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A new innovation center in Norway aims to find alternative and cost-efficient solutions aimed at reducing the huge US$100 billion decommissioning cost that the North Sea operators and countries face, researchers and officials told Bloomberg.
The SFI Swipa (Subsurface Well Integrity, Plugging and Abandonment) center was granted the status of Center for Research-Driven Innovation for the next eight years by government-run Board of the Research Council of Norway.
The SFI Swipa center and its researchers will look into innovative ways for well plugging and abandoning (P&A), which makes up much of the total decommissioning costs, more than 40 percent.
Offshore Norway, as well as offshore the UK, many oilfields are approaching the end of their production life in the mature areas of the North Sea, and operators are sometimes reluctant to buy mature oilfields knowing that they will have to spend on decommissioning soon.
The new center will study “rigless solutions” for P&A because of the high daily rates for rigs, Harald Linga, research manager at SINTEF and director of the new center, told Bloomberg.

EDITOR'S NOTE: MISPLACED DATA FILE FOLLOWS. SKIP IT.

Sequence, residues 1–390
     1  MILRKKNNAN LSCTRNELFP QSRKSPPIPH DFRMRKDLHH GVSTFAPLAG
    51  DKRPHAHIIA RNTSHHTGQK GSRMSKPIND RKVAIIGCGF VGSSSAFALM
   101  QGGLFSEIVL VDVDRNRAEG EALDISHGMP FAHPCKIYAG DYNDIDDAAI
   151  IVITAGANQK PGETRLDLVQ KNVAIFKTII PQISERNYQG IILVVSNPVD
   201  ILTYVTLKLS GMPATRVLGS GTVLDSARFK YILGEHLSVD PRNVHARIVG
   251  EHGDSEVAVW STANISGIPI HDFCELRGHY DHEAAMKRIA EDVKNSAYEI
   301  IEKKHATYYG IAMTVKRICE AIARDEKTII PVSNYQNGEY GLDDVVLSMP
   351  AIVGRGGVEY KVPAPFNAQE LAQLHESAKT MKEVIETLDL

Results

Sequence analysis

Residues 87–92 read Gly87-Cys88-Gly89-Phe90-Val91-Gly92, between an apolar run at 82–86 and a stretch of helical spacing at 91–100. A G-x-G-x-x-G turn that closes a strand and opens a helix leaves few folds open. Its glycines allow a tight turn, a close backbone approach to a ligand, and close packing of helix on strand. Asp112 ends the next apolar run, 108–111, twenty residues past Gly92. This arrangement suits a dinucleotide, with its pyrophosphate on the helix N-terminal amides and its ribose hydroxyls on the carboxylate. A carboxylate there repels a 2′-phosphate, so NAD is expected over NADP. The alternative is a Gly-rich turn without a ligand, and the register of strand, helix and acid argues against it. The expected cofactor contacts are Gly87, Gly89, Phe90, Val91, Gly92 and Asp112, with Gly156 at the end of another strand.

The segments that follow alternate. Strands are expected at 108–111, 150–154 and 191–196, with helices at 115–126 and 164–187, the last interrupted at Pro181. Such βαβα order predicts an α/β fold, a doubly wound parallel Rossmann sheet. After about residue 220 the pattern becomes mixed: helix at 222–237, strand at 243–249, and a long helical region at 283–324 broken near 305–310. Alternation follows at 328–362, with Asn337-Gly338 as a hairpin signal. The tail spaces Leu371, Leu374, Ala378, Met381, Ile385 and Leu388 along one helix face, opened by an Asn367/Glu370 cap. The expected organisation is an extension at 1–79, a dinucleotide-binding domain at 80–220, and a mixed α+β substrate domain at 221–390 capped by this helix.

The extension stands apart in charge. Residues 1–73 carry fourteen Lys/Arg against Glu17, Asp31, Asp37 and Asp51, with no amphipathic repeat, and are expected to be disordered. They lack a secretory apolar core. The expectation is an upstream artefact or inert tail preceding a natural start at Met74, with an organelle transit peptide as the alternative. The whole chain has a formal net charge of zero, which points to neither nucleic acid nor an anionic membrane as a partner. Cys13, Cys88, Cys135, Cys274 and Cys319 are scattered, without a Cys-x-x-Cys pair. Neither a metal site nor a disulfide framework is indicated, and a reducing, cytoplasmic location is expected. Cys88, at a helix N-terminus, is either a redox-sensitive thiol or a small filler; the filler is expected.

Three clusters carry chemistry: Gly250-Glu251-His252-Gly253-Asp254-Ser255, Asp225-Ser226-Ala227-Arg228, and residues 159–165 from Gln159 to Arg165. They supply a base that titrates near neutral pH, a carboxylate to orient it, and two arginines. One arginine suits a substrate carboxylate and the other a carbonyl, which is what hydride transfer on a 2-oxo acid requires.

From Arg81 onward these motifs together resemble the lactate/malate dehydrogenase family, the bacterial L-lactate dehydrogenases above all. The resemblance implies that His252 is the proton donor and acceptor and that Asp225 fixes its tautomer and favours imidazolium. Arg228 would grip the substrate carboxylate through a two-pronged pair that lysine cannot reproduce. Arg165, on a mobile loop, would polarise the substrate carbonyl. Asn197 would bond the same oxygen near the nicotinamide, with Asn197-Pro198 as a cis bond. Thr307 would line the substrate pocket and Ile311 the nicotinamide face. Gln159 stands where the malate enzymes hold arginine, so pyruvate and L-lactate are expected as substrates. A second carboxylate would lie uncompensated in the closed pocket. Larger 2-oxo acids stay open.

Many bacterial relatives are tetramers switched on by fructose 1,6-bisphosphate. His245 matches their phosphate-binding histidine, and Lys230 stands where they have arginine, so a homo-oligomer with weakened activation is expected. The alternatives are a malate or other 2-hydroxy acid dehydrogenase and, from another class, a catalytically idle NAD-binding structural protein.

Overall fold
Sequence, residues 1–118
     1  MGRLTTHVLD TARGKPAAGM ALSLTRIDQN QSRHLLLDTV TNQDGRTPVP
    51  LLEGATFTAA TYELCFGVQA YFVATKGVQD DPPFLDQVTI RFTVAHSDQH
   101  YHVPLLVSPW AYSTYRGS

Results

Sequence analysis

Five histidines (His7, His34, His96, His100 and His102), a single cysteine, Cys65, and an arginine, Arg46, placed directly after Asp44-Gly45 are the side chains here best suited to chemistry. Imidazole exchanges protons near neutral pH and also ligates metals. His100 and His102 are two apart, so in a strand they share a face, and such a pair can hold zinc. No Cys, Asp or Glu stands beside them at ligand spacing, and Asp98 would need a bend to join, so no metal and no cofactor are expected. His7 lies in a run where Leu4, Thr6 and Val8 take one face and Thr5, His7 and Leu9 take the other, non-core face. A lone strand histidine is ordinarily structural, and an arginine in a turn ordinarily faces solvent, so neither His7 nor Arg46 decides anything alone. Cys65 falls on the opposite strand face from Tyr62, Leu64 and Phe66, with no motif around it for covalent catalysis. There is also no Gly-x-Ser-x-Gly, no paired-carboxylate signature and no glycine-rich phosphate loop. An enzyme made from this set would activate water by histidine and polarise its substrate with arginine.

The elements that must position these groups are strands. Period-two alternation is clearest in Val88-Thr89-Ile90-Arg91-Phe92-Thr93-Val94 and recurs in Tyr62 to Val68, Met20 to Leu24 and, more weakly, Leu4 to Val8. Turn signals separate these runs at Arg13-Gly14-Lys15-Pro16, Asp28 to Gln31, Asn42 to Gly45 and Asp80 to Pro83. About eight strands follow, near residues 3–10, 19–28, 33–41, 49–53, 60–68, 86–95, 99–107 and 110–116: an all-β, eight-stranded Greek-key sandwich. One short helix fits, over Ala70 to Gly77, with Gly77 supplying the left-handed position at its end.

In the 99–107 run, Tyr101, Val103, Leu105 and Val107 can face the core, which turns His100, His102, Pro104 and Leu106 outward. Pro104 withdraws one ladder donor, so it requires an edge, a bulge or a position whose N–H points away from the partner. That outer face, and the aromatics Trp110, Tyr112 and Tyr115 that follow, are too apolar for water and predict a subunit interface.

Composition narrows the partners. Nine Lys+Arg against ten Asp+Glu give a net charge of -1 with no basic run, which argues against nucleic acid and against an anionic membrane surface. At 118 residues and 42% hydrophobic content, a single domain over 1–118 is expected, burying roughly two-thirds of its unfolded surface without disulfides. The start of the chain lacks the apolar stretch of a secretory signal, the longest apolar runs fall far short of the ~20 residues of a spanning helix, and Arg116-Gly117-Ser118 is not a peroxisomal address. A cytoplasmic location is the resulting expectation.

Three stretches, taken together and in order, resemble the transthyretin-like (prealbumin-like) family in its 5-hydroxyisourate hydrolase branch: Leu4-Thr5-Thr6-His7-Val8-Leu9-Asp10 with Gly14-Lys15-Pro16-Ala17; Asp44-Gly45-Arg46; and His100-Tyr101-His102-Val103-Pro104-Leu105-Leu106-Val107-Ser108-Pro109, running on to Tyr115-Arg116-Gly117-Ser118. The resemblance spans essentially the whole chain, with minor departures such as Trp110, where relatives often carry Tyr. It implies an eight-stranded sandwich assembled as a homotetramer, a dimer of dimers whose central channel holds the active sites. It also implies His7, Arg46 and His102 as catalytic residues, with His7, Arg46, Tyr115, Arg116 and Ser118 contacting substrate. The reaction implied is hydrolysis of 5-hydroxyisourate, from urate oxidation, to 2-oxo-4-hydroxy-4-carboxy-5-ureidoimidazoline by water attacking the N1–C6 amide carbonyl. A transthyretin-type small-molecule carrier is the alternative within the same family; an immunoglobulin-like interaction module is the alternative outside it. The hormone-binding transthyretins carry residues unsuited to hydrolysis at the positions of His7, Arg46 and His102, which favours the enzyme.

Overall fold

According to SINTEF, more than 3,000 wells on the Norwegian Continental Shelf (NCS) must be plugged when production is completed, and the cost of this could be as high as US$85 billion (800 billion Norwegian crowns). As per Norway’s tax rules, the Norwegian state must pick up the tab for most of the expenditure.
One of SFI Swipa’s goals is to halve these costs, Linga said in a statement last month.
In the UK North Sea, the well P&A costs were estimated at US$27.6 billion (22 billion British pounds), according to the latest decommissioning report of the UK Oil & Gas Authority.
Over the next five years alone, global decommissioning costs could reach US$42 billion, with the UK leading with almost 80 percent of total estimated expenditure on Northwest European decommissioning in the next five years, followed by Norway with 14 percent, and Denmark with 4 percent, Rystad Energy said earlier this year.
By Charles Kennedy for Oilprice.com
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Charles is a writer for Oilprice.com